on curricular content; limited funding interferes with evaluation; and legal, ethical, and patient barriers complicate evaluation efforts (e.g., Gagan, 1999; Sugg et al., 1999; Waalen et al., 2000).
Although this lack of evaluation is not unique to family violence training, increasing the number and quality of training opportunities in family violence has consistently been cited as central to narrowing the gap between recommended practices and professional behavior. To understand what improvements should be made, a strong evidential base for deciding how best to educate providers in this area is needed.
This chapter examines the available research base concerning the outcomes and effectiveness of family violence training. First, we summarize the search strategy used to locate and include evaluations of training interventions and then describe the characteristics of the training strategies and models that have been assessed, along with the basic features of the evaluation measures and designs. Finally, we discuss the inferences we can confidently draw from these studies so as to guide future training efforts. Due to the dearth of published studies on elder abuse training, the focus is on outcomes and effectiveness of child abuse and intimate partner violence training.
Four bibliographic databases were systematically searched for studies that evaluated training efforts in family violence and were published prior to November 2000. These included MEDLINE, PsycInfo, ERIC, and Sociological Abstracts. Search terms included family violence, domestic violence, intimate partner violence, elder abuse/neglect, and child abuse/neglect coupled with training, assessment, evaluation, detection, and identification as both subject terms and text words. These searches were augmented by published bibliographies (i.e., Glazer et al., 1997). The reference lists of all chosen articles also were screened for additional studies.1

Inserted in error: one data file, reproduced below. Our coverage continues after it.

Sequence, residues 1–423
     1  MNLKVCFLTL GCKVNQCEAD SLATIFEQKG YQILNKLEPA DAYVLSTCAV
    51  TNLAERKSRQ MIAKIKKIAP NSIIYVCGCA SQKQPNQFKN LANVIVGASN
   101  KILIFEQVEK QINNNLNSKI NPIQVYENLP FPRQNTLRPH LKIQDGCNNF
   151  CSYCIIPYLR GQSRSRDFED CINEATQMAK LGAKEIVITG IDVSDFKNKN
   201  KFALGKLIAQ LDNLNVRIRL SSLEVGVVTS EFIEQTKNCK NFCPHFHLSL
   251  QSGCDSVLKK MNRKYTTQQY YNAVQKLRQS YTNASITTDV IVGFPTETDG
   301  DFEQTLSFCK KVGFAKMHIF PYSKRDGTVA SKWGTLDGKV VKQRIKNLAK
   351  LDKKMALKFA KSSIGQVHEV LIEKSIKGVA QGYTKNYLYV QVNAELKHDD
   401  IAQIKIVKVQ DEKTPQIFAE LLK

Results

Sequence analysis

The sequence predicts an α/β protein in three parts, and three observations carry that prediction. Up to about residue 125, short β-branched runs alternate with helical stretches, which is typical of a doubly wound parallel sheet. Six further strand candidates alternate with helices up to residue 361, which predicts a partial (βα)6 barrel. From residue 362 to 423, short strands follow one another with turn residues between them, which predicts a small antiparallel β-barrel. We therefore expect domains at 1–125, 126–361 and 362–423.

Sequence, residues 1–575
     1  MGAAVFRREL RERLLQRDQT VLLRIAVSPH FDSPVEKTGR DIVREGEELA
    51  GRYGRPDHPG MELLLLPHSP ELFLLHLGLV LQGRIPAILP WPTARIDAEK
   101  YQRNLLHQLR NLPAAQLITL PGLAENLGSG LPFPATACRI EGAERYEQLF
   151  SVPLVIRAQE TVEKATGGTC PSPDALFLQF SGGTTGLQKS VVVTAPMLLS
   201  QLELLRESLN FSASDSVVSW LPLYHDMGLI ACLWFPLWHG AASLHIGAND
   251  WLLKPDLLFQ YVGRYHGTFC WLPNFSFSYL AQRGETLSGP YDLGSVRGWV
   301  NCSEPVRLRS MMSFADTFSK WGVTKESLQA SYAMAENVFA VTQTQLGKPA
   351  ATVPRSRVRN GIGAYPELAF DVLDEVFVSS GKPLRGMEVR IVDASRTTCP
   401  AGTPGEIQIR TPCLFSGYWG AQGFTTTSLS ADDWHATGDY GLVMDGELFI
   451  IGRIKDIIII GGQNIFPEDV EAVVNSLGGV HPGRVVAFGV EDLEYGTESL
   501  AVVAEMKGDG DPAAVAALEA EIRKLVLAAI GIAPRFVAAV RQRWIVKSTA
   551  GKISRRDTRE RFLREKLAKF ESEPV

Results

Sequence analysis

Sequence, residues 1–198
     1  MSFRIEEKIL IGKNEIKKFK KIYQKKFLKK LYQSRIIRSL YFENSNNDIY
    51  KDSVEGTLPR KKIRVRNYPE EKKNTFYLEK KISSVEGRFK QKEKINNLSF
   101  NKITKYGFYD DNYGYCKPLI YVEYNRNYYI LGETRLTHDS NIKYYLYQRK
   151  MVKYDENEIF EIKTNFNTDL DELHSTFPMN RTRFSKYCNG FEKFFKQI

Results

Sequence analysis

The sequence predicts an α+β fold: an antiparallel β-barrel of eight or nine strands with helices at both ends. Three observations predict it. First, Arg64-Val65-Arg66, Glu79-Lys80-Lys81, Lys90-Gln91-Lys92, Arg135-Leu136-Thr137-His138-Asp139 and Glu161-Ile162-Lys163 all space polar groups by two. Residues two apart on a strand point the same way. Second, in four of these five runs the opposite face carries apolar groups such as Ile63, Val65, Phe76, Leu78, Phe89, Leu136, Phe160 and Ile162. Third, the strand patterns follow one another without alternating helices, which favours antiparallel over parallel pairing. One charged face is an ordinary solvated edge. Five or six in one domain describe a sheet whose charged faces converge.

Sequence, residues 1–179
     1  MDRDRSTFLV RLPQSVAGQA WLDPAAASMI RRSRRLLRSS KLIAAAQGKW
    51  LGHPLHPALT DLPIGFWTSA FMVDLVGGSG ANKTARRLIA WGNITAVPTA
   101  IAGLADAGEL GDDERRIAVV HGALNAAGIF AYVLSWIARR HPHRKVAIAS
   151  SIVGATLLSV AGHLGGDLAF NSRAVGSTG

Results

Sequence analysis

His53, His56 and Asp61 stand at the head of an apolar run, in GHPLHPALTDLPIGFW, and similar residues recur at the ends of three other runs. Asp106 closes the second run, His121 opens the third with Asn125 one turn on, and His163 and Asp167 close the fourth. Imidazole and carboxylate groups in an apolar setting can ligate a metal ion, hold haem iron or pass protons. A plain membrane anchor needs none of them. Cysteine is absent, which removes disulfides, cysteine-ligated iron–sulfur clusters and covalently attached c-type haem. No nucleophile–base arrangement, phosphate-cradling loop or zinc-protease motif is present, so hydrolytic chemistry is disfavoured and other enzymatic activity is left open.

This strategy identified 64 potential studies, the majority of which focused on intimate partner violence training (n = 38, or 59 percent). Another 31 percent (n = 20) addressed training efforts in child abuse and neglect, while only 9
The unpublished literature was also examined for evaluation efforts, including formal committee requests to outside groups (e.g., relevant professional associations, government agencies, foundations, and advocacy groups). This uncovered the recent evaluation of the WomanKind program sponsored by the Centers for Disease Control and Prevention (Short et al., 2000), which was included in the set of studies reviewed. The evaluation of the Family Violence Prevention Fund training initiative has not yet been completed.